Six organization tips for HOA paperwork Let’s face it: nobody puts “organizing paperwork” at the top of his or her favorite-things-to-do list. But maintaining good records is essential to the critical functions of your homeowner association (HOA), and following a system of organization can streamline your operations by increasing efficiency, providing transparency and preserving a history of communication.

In this article, we’ll explore ways to make organization simple and easy. In the process, perhaps something that normally feels like a chore will become a little less onerous.

Here’s how:
  1. Know which documents are essential.

    This first step is the most challenging, simply because almost all of the documents your HOA will generate are essential, including bids and reports. Crucial pieces of information – such as Articles of Incorporation, master deed, declarations (or CC&Rs) and bylaws – should be kept in an accessible place. In addition, your meeting minutes, all communications with homeowners, financial documents such as billing statements, vendor contracts, insurance policies, warranties and maintenance records should be placed into easily identifiable files so that they are readily available when needed.
  2. Be aware of the law.

    Unfortunately, most state laws don’t provide much guidance. In many states, it’s limited to broad statements requiring that records be kept “in accordance with generally accepted accounting principles.” Still, it’s wise to check with your auditor or the statutes in your particular state as they can vary greatly. The best property management company will be well versed in the law and can help you with this aspect of your record keeping. You can also consult with your association’s attorney.
  3. Keep documents available.

    Documents like CC&Rs and meeting minutes are essential to residents in your community. The board will need to reference them for guidance when they have questions, want to settle disputes, or are considering upgrades or enhancements to homes in the association that may alter or modify the overall community. Keep these documents accessible to residents, either at a central office or through an internal communications system. Your property management company can help you implement a system that ensures fair access for everyone.
  4. Make it somebody’s job (like a manager).

    Record keeping is very important and should be assigned to a specific person. Leaving it as anybody’s job usually means it ends up being nobody’s job, so make sure you identify a single individual as the steward of your records, like your property manager or assistant property manager. If your community is self-managed, this role normally falls to the Board Secretary, though any member can be assigned this important duty.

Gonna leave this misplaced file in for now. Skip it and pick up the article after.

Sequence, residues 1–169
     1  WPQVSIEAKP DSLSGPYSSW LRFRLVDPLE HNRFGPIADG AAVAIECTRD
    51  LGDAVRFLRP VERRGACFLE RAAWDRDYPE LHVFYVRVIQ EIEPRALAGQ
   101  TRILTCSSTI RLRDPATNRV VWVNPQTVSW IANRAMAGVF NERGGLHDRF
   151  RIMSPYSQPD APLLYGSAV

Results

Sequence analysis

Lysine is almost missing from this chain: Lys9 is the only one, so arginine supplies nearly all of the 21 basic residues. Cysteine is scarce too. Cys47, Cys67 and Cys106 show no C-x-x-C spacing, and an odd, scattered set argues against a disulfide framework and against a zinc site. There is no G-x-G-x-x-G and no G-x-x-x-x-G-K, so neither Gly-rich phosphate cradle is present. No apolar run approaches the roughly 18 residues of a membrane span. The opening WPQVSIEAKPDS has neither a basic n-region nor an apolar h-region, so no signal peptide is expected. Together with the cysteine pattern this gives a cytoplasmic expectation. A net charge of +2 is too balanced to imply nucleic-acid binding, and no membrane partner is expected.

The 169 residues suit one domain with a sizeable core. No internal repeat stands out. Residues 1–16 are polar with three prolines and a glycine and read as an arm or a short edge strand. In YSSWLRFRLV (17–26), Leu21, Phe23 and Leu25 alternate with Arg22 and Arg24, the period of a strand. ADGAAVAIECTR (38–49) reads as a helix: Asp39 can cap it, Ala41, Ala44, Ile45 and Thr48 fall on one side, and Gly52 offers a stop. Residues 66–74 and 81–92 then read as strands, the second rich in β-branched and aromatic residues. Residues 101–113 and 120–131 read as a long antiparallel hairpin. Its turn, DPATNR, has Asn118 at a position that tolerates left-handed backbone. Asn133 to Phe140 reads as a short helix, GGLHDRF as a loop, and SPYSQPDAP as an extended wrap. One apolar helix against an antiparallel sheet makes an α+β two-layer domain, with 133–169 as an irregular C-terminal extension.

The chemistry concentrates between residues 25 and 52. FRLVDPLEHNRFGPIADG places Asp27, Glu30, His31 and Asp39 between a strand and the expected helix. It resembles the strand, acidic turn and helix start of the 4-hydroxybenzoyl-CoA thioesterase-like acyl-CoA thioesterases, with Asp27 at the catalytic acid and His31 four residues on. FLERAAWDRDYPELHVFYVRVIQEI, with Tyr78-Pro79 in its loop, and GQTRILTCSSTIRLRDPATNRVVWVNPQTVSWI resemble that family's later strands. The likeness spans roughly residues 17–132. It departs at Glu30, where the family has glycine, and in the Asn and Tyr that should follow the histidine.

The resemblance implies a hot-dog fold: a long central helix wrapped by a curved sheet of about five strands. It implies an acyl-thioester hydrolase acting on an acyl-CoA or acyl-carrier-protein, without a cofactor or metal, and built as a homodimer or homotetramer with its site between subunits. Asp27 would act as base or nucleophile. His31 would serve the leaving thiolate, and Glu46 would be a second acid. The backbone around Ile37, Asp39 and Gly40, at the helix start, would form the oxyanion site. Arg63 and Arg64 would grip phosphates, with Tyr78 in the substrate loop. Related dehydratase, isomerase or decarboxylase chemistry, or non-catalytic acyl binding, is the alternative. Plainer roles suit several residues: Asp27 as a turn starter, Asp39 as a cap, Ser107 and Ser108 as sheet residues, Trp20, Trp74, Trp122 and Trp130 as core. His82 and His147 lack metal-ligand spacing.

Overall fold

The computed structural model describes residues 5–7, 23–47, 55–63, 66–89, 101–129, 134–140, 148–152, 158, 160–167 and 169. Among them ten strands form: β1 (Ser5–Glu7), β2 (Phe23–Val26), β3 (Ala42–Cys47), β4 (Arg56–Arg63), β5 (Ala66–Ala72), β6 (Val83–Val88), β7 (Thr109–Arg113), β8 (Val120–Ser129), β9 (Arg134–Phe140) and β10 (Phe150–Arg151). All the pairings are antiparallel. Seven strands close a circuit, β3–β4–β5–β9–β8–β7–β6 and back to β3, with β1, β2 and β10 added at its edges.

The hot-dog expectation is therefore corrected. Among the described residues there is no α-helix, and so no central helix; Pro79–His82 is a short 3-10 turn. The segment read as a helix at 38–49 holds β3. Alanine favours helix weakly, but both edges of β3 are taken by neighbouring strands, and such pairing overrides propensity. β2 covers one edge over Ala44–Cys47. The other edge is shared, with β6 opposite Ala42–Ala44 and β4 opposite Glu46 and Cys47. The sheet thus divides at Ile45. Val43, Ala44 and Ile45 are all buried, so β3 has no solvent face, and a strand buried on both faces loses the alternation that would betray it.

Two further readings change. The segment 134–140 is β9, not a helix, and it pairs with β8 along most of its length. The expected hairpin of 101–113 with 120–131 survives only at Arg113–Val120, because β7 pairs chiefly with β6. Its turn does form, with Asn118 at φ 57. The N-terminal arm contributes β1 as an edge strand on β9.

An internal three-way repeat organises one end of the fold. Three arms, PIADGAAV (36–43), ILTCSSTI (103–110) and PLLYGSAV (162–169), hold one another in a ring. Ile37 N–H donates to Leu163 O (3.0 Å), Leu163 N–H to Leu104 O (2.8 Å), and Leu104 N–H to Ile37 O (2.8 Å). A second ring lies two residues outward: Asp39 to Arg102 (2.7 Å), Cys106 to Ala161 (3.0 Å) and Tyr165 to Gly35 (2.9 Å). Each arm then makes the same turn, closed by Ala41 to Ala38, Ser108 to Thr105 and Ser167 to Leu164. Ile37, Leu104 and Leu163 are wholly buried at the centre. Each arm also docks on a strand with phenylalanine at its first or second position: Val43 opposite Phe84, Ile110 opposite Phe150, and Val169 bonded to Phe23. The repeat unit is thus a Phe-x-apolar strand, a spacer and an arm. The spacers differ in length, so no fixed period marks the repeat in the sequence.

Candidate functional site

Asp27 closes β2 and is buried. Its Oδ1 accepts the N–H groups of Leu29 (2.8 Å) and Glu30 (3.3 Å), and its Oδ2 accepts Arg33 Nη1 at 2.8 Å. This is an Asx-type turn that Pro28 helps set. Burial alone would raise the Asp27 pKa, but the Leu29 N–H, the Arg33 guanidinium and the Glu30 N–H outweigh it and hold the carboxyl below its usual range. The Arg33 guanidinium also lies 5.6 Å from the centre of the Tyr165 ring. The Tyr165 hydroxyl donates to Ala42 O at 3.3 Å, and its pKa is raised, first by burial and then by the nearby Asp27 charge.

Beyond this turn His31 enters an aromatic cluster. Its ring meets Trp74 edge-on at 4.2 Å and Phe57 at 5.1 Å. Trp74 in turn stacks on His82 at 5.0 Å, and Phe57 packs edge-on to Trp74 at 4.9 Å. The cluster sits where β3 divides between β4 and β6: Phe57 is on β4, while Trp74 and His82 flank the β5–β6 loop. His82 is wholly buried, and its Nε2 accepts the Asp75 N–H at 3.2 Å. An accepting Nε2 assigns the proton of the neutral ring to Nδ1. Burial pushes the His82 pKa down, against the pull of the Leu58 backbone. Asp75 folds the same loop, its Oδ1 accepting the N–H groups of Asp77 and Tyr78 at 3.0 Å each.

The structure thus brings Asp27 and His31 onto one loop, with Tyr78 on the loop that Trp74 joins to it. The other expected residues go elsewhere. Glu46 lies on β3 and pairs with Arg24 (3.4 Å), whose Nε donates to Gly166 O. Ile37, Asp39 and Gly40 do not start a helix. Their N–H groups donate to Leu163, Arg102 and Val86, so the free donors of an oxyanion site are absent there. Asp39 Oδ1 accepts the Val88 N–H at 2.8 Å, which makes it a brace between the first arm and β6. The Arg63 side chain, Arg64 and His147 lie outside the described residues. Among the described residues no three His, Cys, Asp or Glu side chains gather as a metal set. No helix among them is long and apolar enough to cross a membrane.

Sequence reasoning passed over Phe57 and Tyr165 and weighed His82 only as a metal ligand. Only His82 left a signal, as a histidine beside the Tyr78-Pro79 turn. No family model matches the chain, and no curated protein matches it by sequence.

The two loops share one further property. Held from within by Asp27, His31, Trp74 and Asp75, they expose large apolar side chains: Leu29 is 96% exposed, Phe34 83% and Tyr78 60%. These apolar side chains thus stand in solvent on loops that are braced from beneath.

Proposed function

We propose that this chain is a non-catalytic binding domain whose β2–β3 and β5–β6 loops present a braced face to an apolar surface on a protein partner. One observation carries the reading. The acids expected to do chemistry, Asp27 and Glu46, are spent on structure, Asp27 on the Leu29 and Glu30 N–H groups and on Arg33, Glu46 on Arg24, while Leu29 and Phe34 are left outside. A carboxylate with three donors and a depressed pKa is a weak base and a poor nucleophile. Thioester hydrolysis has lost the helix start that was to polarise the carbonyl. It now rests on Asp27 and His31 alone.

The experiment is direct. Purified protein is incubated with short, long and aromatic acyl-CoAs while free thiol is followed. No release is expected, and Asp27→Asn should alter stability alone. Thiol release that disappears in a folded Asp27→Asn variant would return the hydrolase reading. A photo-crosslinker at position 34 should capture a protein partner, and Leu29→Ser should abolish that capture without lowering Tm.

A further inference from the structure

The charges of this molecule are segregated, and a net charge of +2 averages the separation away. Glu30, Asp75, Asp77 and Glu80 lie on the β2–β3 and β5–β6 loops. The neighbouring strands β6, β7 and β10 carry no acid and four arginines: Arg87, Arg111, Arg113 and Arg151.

5. Maintain transparency – and confidentiality.

    There are many documents that owners have a right to see, such as approved contracts, meeting minutes from open sessions, governing documents and monthly and annual financial statements. Keeping these documents available will maintain transparency between owners and the board. The other side of the coin, however, is confidentiality. Though owners have broad access to information, there are some areas in which the board’s privileges supersede those of owners. Communications regarding employment matters, issues of privacy, litigation strategies, certain delinquency matters and ongoing contract negotiations may be protected under applicable law. The association’s attorney can offer guidance in this regard.

    There are ways to communicate with homeowners without disclosing confidential details, such as providing summaries of pivotal events through community newsletters to keep everyone informed, or holding informal, “informational gatherings” to address any general pressing questions from owners. Remember that it is always wise to have your managing agent or community manager and your association attorney available during these types of discussions.
  6. Digitize.

    If you’re picturing a tiny corner room packed with leaning towers of paper and overflowing filing cabinets, never fear. The answer is electronic record keeping. An excellent property management company can implement a system whereby all-important documents are scanned and digitally filed in the appropriate place or provide the necessary storage. In an age of ongoing digital security threats, they can help ensure the proper firewalls and security measures are put in place, too. This provides a safe, secure storing house for your records that is also easily accessible and searchable.
Implement the right systems and you’ll find you’ve got a robust collection of essential paperwork that enhances your operation rather than inhibits it. For more helpful information, contact FirstService Residential, North America’s leading residential property management company.
Thursday September 25, 2014